Classic Computer Magazine Archive COMPUTE! ISSUE 123 / NOVEMBER 1990 / PAGE 18


Ultima Sound

In the April 1990 issue of COMPUTE!, in the review of Ultima VI (p. 84), I found a statement to be confusing. Shay Addams states that when a spell is cast, the player will hear the spell names spoken aloud as digitized voices. Also, according to the review, there are amazing sound effects and music to be heard if the user has a Roland MD-32 or an Ad Lib sound board. I own an IBM compatible (AT) and have a Sound Blaster music card by Creative Labs, which it claims is Ad Lib–compatible. When playing Ultima VI, I hear plenty of music but no digitized voices when casting spells. Additionally, the only sound effects I hear are through my PC speaker. I called Origin, and the reps stated that there were not any digitized voices to be heard when a spell was cast. Thus, my question is Are there or are there not any digitized voices to be heard when a spell is cast? I would appreciate a brief reply if at all possible.


Shay Addams responds:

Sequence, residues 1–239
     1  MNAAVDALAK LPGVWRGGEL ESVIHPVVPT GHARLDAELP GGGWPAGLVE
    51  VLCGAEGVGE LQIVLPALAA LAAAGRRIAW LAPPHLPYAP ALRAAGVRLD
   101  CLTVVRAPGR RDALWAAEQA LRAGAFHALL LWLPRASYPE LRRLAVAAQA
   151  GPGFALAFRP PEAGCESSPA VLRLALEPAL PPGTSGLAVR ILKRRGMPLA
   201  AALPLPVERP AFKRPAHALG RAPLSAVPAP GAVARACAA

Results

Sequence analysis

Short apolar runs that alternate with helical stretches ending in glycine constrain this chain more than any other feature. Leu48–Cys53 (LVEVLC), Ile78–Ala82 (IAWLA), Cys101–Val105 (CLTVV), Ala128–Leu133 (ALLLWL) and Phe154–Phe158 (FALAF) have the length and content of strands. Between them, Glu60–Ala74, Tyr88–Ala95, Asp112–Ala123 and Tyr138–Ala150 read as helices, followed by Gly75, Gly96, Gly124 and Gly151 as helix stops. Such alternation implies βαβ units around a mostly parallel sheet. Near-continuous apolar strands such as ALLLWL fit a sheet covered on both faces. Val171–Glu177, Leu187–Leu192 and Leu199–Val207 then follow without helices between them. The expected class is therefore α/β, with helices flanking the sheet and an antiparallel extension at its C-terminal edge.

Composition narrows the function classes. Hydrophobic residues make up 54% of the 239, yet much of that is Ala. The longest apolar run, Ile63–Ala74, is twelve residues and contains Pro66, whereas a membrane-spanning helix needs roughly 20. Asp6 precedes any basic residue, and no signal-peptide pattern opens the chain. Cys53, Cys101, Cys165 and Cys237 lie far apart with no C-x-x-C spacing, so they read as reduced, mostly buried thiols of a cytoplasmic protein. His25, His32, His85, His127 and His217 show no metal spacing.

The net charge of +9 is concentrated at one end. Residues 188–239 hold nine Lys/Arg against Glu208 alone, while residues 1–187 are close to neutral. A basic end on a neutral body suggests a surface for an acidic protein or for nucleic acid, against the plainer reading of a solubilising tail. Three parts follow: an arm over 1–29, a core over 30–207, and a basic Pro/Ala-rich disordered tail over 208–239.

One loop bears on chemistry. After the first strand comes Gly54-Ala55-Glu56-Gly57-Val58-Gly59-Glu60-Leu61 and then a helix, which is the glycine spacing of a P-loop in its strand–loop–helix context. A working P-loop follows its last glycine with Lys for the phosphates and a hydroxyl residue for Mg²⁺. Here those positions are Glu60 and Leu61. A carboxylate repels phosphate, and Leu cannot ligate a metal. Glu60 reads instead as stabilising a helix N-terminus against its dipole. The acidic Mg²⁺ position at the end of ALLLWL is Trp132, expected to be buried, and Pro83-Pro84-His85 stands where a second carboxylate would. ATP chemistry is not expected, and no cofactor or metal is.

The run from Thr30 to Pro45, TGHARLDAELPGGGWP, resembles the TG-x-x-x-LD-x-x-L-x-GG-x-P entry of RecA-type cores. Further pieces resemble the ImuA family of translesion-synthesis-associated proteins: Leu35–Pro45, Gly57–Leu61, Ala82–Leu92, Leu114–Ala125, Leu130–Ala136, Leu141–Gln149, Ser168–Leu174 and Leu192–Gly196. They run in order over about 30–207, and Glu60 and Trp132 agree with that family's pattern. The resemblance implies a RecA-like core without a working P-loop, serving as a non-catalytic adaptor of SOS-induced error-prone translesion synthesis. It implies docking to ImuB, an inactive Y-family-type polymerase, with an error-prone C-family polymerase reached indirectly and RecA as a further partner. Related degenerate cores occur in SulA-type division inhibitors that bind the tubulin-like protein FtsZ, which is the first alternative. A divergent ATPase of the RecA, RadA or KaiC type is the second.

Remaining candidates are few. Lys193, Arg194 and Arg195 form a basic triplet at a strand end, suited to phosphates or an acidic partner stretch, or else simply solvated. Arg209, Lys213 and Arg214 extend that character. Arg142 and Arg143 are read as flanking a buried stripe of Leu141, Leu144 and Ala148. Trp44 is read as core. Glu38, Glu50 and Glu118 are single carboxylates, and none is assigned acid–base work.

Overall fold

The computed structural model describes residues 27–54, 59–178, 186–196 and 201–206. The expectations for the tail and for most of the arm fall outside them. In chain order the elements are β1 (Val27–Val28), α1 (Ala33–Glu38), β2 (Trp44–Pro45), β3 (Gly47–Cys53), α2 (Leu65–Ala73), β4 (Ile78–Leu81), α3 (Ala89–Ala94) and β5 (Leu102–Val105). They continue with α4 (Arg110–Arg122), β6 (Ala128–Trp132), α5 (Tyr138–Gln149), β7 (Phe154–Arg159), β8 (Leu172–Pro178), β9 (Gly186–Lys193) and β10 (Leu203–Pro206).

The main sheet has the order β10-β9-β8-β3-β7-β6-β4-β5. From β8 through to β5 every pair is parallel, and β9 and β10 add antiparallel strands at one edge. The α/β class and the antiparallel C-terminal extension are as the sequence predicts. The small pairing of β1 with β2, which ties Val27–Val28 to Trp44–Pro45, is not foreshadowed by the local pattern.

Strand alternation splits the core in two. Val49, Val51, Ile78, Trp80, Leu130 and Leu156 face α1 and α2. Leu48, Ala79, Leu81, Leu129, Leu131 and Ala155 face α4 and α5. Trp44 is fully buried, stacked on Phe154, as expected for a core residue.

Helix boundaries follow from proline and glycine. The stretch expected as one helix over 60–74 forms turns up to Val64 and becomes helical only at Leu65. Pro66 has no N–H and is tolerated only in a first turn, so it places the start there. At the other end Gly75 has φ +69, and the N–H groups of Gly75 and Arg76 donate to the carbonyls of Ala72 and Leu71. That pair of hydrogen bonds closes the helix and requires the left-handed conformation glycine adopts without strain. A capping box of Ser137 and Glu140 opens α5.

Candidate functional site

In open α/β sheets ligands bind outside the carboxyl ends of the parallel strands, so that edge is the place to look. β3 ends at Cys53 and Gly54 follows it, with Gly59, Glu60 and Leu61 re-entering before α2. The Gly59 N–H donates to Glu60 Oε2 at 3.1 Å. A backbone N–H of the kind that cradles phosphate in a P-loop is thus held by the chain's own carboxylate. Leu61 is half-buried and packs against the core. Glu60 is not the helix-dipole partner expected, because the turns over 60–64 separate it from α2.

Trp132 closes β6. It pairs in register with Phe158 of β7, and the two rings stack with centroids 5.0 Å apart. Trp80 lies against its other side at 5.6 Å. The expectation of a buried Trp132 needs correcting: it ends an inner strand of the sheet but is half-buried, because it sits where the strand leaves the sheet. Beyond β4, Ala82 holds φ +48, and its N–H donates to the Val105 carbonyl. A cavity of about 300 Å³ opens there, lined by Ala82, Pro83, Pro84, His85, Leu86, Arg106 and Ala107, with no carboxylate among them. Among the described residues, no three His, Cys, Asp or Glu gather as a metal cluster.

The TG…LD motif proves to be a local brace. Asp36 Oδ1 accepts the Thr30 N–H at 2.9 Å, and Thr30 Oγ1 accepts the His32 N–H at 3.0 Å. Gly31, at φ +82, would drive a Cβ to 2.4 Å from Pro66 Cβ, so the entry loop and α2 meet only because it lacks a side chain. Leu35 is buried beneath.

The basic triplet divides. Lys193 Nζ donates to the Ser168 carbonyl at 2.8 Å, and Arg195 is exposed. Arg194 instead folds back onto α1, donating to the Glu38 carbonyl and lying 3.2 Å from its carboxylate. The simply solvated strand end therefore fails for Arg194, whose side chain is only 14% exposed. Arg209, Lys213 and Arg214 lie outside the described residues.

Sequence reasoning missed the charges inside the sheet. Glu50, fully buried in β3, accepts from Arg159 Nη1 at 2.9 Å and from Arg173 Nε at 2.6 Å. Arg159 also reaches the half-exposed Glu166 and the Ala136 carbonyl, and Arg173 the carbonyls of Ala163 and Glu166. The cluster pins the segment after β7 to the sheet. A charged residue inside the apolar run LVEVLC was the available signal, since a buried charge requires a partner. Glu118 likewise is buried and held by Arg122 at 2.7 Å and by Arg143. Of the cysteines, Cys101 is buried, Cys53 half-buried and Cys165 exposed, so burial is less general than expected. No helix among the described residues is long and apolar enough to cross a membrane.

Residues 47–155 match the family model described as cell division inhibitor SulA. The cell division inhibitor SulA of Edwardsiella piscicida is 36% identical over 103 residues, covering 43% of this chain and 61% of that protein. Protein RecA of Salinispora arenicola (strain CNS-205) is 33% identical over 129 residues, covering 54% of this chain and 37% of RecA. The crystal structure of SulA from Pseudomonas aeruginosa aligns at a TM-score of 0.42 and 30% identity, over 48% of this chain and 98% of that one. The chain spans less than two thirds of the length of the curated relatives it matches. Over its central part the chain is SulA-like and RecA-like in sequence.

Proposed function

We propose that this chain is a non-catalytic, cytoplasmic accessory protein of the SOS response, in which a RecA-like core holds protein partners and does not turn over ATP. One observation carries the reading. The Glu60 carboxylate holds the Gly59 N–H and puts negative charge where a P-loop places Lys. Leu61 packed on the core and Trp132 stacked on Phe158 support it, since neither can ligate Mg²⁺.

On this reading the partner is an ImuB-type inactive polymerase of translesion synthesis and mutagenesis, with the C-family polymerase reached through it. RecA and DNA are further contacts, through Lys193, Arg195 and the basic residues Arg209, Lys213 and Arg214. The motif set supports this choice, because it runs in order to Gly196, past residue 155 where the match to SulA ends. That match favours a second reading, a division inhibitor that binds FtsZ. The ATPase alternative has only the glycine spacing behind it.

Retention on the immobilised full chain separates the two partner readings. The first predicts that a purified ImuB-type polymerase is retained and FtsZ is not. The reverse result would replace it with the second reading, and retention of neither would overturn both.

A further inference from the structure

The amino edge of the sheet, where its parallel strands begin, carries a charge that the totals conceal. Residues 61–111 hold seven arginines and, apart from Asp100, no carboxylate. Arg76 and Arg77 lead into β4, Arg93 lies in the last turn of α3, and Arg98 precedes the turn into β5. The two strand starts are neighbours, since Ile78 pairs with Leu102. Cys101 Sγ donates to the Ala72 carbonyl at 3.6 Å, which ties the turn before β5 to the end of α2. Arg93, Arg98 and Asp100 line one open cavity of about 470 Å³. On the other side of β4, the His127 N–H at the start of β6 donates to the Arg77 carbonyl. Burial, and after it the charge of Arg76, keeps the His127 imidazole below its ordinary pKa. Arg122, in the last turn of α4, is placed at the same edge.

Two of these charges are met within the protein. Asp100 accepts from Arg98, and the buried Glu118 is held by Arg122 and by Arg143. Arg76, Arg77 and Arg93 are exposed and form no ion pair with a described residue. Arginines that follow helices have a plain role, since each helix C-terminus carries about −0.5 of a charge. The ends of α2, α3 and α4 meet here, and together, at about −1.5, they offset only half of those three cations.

Yes, you can hear dozens of digitized voices when casting spells in Ultima VI—if your computer has 50 megs of extended RAM, a 20,000-meg hard disk and a Rad Lib sound board. But since these peripherals are unavailable outside my own twisted imagination, I may as well reveal the true reason my review alleged the presence of said digitized voices: I made a mistake. True, it is the first one in my career, but embarrassing nonetheless. So embarrassing, in fact, that I feel compelled to elaborate. The myth of digitized voices in Ultima VI emerged during a private showing of a beta version of the game at Origin headquarters in Austin, Texas. While casting a slew of spells, I did indeed hear unerringly similar names shouted aloudbut learned only after writing the review that the voice I'd heard was none other than that of Ultima VI's creator, Richard Garriott, who was conducting Origin's Latin classes in an adjoining office. His teaching methods involve shouting Latin phrases and then their English equivalents. The lessons are required training for all employees working at adventure game companies. There, it's all out in the open and I feel much better. Now can I go home?